One simple unpalatable truth that many Europeans refuse to confront is that, in the short run, free-riding on US power can significantly diminish European security. The one-sided US policy on the Israel-Palestine issue, coupled with the botched invasion and occupation of Iraq, has angered 1.2bn Muslims. But while America is protected by the vast Atlantic ocean, Europe feels this Islamic anger directly because of its geographical proximity to the Middle East and its large domestic Islamic populations. Pure common sense would suggest that Europe should reconsider the strategic costs of only playing Tonto to the American Lone Ranger.

 

Does the EU have other strategic op-tions? Of course it does. Asia provided one when it offered the union an Asia-Europe meeting (Asem), which could have created a stable triangular balance of power between the US, EU and east Asia. If all three legs of Asem were equally strong, each power could use the triangle for geopolitical leverage. The missing Asia-Europe link gives the US obvious bargaining leverage.

 

Initially, the EU reacted enthusiastically to Asem in the mid-1990s. I know. I was there. However, when the Asian financial crisis came along, the EU abandoned Asia in its hour of need, leaving behind a bitter residue of distrust, and demonstrated that it was a fair-weather friend. Given Asia’s quick rebound and the abundant evidence that this will be Asia’s century, this European decision will go down as one of its stupidest strategic decisions.

 

To make matters worse, Europe has forgotten the lessons of Machiavelli (a child of the Italian Renaissance) and is only pursuing ostensibly "moral" policies in Asia. It tries to impose human rights conditions before agreeing to co-operate with the world’s largest democracy, India, thereby incurring Indian umbrage. Its relations with the Association of South East Asian Nations, the crucial diplomatic forum in Asia, is distorted by the single lens of Burma, ignoring the 450m south-east Asians living outside the country. Most recently Angela Merkel, the German chancellor, and Nicolas Sarkozy, the French president, once again demonstrated Europe’s tendency to shoot itself strategically in the foot by signalling that they may boycott the Olympics. In short, whenever the EU gets a chance, it slaps Asia in the face.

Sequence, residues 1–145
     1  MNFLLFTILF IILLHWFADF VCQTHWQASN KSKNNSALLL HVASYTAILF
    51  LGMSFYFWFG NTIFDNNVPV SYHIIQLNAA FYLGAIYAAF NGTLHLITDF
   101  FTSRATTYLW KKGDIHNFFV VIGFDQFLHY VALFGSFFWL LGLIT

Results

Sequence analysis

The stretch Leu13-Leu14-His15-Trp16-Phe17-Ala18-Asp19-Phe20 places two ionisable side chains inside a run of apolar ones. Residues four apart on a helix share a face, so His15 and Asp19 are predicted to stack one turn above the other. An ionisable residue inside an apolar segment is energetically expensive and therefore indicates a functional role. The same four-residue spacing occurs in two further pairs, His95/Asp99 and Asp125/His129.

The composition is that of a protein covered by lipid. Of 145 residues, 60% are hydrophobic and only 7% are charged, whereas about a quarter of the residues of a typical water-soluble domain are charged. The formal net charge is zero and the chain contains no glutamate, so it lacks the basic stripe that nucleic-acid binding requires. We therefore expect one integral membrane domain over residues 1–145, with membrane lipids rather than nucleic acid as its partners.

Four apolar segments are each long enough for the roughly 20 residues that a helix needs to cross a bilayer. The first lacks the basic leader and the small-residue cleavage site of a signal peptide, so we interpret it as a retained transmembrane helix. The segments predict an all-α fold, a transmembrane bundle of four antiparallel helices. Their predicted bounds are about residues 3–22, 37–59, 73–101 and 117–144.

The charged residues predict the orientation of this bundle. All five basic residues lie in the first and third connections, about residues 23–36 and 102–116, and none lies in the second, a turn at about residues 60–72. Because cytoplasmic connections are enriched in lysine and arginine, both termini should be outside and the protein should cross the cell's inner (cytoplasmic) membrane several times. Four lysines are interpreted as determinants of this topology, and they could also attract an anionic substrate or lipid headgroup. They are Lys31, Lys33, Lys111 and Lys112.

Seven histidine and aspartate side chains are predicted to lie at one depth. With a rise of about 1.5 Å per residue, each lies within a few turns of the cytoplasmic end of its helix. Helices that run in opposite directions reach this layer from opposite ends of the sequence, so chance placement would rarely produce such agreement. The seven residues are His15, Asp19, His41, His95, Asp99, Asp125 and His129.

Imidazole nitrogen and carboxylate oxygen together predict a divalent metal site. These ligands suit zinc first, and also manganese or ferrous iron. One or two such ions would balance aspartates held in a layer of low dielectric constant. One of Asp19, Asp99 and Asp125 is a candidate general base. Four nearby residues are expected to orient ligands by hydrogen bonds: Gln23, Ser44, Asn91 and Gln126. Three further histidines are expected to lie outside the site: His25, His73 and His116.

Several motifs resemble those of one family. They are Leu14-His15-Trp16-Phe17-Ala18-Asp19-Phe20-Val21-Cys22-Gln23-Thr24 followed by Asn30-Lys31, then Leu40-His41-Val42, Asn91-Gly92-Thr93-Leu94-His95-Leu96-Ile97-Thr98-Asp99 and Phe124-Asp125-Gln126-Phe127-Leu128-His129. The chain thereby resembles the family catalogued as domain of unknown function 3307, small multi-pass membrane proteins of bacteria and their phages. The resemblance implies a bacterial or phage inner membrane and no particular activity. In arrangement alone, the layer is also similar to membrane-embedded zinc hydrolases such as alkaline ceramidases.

The real irony here is that Asia is doing much more to enhance long-term European security than America is. The Asian march to modernity, which began in Japan and is now sweeping through China and India, is poised to enter the Islamic world in west Asia. When this march enters the Islamic world, Europe will be surrounded by modern, middle-class Muslim states.

 

Hence, Europe should encourage Muslims to look at China, India and Asean as their new development models. The success of the Beijing Olympics could help to ignite new dreams of modernisation among disaffected Islamic youth, who will ask why their societies cannot prosper like China. In short, if Ms Merkel and Mr Sarkozy could think strategically and long-term, they should enthusiastically participate in and cheer the success of the Olympics. When the Islamic world is finally modernised, Europe can go back to being a giant Switzerland again.

 

T he writer is dean of the Lee Kuan Yew School of Public Policy at the National University of Singapore. His new book, the New Asian Hemisphere, develops the themes of this article

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About kchew

an occasional culturalist